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Minim Invasive Surg. 2012;2012:783074. doi: 10.1155/2012/783074. Epub 2012 Jul 19.

Single-incision laparoscopic surgeries for colorectal diseases: early experiences of a novel surgical method.

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Division of Colon and Rectal Surgery, New York Presbyterian Hospital, Weill Cornell Medical College, 525 East 68th Street, Box 172, New York, NY 10021, USA.



This paper aims to analyze the feasibility and safety of single-incision laparoscopic colectomy (SILC) and its potential benefits.


Systematic review was performed for the years 1983-August 2011 to retrieve all relevant literature. A total of 21 studies with 477 patients undergoing SILC were selected.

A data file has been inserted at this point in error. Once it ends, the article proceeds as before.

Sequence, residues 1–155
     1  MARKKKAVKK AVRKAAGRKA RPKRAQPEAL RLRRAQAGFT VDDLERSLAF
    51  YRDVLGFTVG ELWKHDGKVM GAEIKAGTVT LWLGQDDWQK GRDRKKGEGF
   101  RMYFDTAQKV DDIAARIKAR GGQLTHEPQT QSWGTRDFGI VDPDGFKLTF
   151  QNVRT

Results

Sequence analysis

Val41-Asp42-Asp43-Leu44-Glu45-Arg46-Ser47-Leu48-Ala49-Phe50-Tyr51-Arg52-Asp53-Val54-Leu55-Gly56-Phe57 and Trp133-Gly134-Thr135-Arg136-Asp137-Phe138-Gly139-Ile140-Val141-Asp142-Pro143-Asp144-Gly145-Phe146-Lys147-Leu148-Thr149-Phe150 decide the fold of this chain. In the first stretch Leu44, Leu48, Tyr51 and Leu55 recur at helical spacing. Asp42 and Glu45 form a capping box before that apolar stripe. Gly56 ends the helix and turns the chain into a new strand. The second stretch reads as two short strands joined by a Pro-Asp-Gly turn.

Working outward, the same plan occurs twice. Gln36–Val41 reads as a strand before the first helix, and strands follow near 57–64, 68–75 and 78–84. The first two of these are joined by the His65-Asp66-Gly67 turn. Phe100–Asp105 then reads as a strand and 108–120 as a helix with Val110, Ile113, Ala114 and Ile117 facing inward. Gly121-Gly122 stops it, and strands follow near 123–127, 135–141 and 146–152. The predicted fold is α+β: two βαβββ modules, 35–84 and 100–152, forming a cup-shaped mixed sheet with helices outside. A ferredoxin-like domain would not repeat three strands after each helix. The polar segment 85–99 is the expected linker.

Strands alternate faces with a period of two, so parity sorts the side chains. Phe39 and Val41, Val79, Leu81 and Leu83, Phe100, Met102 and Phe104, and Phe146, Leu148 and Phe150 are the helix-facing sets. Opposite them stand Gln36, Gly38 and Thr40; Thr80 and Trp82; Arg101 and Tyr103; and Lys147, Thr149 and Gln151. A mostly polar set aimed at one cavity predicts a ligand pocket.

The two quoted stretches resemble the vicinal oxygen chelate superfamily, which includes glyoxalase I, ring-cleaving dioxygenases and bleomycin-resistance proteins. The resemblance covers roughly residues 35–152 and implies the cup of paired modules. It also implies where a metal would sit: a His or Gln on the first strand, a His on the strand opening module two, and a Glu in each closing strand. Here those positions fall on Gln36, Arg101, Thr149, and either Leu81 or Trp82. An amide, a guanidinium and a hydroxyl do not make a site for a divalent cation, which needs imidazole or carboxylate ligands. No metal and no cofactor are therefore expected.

Range of operative times and estimated blood losses were 75-229 min and 0-100 mL, respectively. Overall conversion rate was 5.9% (28/477) and an additional laparoscopic port was used in 4.9% (16/329) cases. Range of lymph node number for malignant cases was 12-24.6 and surgical margins were all negative. Overall mortality and morbidity rate was 0.4% (2/477) and 11.7% (43/368), respectively. The length of hospital stay (LOS) varied across reports (2.7-9.2 days). Among 6 case-matched studies, one showed less blood loss in SILC as compared to LAC and 2 showed shorter LOS after SILC versus HALC or LAC/HALC groups. In addition, one study reported maximum pain score on postoperative days 1 and 2 was lower in SILS compared to LAC and HALC.


SILC procedure is feasible and safe when performed by surgeons highly skilled in laparoscopy. In spite of technical difficulties, there may be potential benefits associated with SILC over LAC/HALC.

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